Cycle Day 2 Appointment

On September 6, 2018, my cycle had officially started and it was go time! I scheduled my blood-work appointment the next day (blood-work can be done between cycle days 2-4) which was Friday, September 7, 2018. The appointment went well. There was a sonogram to check the endo lining thickness, ovaries, and how many follicles were present. Apparently I had about 6-7 little follicles present at that scan.

The blood-work and scan results came in later that day and I got the call from my nurse with instructions on how to proceed!

My IUI Instructions:

Again, I am not a medical professional and wanted to share my story of IUI. The following were provided by a team of doctors after monitoring. For any medical questions regarding IUI and/or medications, please seek advice from a medical professional. 

  • Clomid (100mg) a day from cycle days 3-7
  • Follistim (Gonal-F) 75 units on cycle days 6, 8, and 10
  • Return to clinic on Monday, September 17, 2018 for follow up scans/blood-work

I Started Follistim and Clomid for IUI

IUI Medications | Gonal-F, Clomid, Ovidrel | So Very Me

Clomid wasn’t too big of a deal. You have to treat it like the birth control pill, however, by taking it at the same time every day. I opted to take it at noon. I didn’t feel the need to take it with food. Side effects I felt were nausea, cramping/pressure, and headaches.

After a few days of Clomid, it was time for Follistim (Gonal-F) injections. Needles never bothered me… I don’t freak out when I need to get shots done or blood drawn… but it’s a whole new game when you have to give yourself a shot.

Gonal-F Injection Pen | IUI | So Very Me

Surprisingly, the injections weren’t bad at all. I don’t have a flat stomach, so I had chub to work with (haha). I didn’t feel the needle at all, and because the injections were a pen, it was easy to do. Pinch some skin, jab it in with one fell swoop, and push the button. Side effects for the Gonal-F were similar to Clomid: nausea, headaches, fatigue, lots of cramping and pressure, and just feeling like crud overall.

Cycle Day 12 Appointment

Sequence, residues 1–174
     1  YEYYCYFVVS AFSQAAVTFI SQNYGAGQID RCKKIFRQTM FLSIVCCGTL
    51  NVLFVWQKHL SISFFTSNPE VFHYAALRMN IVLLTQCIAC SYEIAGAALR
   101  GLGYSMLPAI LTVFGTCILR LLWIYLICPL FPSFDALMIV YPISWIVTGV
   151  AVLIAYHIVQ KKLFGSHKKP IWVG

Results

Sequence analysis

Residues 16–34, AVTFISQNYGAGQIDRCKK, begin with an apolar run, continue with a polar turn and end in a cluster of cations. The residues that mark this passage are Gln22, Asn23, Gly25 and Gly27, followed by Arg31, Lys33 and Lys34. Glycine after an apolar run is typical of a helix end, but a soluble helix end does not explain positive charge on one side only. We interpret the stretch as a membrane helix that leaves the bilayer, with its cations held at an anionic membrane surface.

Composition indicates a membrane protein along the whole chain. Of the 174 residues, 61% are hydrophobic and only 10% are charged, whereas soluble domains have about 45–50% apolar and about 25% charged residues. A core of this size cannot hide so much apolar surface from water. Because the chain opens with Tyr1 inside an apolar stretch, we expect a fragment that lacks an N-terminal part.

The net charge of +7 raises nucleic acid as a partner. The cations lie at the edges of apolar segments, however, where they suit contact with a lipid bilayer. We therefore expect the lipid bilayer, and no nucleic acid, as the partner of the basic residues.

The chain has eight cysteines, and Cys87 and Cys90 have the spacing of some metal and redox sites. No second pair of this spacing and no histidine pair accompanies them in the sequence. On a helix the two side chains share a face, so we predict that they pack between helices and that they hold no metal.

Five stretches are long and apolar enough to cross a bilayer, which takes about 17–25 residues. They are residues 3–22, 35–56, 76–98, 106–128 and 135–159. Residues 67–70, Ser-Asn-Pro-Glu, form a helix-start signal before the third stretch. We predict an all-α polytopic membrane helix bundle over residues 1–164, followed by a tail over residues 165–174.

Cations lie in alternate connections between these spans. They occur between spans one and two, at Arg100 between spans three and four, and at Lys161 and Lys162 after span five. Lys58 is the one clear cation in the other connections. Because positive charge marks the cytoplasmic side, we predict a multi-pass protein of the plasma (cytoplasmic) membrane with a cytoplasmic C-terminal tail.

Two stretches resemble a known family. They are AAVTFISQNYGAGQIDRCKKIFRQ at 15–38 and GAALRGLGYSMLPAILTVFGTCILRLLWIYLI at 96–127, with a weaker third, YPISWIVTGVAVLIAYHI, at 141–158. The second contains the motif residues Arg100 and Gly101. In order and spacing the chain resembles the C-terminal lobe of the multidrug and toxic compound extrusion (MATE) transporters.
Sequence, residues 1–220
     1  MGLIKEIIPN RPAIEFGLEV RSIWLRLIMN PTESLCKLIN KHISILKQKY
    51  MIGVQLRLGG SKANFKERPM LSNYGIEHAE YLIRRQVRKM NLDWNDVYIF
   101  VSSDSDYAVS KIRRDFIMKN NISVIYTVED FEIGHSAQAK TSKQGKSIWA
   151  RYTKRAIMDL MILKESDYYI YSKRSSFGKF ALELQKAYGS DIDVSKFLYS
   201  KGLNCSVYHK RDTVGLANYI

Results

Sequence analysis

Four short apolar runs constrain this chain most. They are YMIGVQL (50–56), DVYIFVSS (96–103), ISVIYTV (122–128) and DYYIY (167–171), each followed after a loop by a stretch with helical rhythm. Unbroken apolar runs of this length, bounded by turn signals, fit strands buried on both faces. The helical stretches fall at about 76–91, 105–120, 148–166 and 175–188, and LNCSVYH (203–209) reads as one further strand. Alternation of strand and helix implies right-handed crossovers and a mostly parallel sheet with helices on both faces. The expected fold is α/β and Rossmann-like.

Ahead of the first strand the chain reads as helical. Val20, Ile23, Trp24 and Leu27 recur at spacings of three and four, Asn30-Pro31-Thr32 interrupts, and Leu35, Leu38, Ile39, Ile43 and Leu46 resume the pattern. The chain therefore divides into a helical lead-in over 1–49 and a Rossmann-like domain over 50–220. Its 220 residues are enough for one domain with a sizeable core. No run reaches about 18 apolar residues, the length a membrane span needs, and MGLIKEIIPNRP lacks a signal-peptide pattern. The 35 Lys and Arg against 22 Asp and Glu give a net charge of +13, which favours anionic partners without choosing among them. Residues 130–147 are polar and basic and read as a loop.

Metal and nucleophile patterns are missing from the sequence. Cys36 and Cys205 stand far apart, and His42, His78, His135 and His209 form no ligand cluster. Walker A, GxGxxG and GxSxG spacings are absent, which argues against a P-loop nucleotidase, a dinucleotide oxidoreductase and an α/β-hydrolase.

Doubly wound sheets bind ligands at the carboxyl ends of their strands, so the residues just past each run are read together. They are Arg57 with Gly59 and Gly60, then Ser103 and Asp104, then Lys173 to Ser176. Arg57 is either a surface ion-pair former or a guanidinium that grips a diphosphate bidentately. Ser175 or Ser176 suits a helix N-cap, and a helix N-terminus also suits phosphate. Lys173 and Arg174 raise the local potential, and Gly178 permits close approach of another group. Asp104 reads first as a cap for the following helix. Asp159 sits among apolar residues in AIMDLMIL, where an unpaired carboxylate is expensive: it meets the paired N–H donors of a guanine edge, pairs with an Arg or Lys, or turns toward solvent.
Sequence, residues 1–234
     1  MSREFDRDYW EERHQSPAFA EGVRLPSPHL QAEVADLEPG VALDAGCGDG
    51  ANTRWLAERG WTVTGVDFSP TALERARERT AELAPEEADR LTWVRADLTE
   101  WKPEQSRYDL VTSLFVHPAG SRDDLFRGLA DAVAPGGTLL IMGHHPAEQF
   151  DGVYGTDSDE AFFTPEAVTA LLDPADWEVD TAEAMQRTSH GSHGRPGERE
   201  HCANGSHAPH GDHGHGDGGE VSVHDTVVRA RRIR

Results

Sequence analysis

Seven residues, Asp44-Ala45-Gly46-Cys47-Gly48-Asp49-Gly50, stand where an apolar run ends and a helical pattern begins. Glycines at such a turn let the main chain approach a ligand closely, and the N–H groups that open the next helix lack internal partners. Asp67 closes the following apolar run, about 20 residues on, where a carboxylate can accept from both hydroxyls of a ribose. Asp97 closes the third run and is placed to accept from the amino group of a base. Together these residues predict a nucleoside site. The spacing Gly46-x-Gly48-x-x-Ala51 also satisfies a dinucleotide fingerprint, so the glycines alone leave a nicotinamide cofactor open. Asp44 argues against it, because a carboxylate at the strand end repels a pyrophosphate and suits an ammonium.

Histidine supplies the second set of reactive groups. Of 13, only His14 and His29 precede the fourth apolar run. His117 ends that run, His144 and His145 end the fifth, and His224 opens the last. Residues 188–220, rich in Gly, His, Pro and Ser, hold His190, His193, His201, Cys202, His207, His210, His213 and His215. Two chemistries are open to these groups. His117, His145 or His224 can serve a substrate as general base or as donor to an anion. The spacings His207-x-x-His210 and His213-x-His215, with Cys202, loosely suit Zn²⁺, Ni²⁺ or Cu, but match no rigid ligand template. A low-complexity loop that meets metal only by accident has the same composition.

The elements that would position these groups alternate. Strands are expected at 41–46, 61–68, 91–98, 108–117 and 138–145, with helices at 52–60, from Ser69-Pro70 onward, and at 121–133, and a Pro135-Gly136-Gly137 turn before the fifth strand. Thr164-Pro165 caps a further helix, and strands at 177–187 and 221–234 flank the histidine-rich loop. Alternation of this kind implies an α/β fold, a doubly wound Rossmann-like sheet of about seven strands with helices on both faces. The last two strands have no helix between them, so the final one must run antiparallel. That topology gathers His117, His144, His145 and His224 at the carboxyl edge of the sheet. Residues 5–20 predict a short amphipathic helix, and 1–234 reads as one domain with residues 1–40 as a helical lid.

IUI cycle with Clomid and Gonal-F

September 17, 2018 – Cycle Day 12 finally arrived! The medications made me feel so much pressure and twinges in my pelvis and hips, I was anxious to see the results of the sonogram! The scan went normally, except this time, I could SEE how large the follicles had gotten! They looked like golf-balls on the screen!

The technician pointed out that I had 4 follicles at a decent size. Around the range of 13-16mm. Unfortunately, that wasn’t the size the doctor wanted to see… so he had called me and instructed me to take more injections of Gonal-F that night, as well as the next, and to come in on Wednesday, September 19, 2018 to check the progress. I was a  little disappointed, but that didn’t mean we were out yet!

The Next Follow-Up

This brings us to cycle day 14, September 19, 2018. My husband and I went to the clinic first thing in the morning for our 8:45am appointment. Sonogram and blood-work like the previous appointments and we were off. We ended up going grocery shopping and then going home and watching movies for most of the day. Around 2:30pm, I get the call from our nurse.

“The doctor reviewed your blood-work and scans and everything looks great! You responded VERY well to the medication. You have 4 follicles that are ready to go. However… you are at a very high risk for Twins or Triplets.”

Twins?! Triplets?! My mind starts racing. I knew having that many follicles would pose a risk… but we’ve come so far! I just want a baby. So I thanked the nurse, hung up, and looked to my husband (who had been listening because I put her on speaker phone). We stared at each other for a couple of seconds and didn’t have to discuss much. We were in.

Moving Forward with the IUI

Knowing the risks, but feeling so ready and excited, I called the nurse back and said “Let’s do it”

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Trigger Shot Time

Our first IUI cycle - Taking Ovidrel (Trigger Shot)

My nurse instructed me to take the trigger shot that night at 10:15pm and our IUI is scheduled for Friday, September 21, 2018! 

Nervous and excited, I scheduled an alarm on my phone for 10:15pm to take the trigger shot. The shot itself was not bad… no different than the Gonal-F injections. At the time I’m writing this, it has been a couple of hours since I have taken the trigger shot. My stomach has been rumbling a little bit, but no noticeable side effects as of now.

IUI Day + Results

This is where I leave this post to rest. I wanted to document the start of this journey because I know other couples’ stories helped me tremendously. I hope this story helps someone else who is in a similar situation.

In the next post… I will be talking about the IUI day and so on!

Rissa is a freelance illustrator and graphic designer alongside with managing her blog, So Very Me. She also runs a YouTube channel making family style vlogs and videos. When she’s not working, she’s usually playing video games with her husband and hanging out with her two pups, Kiba and Zoey.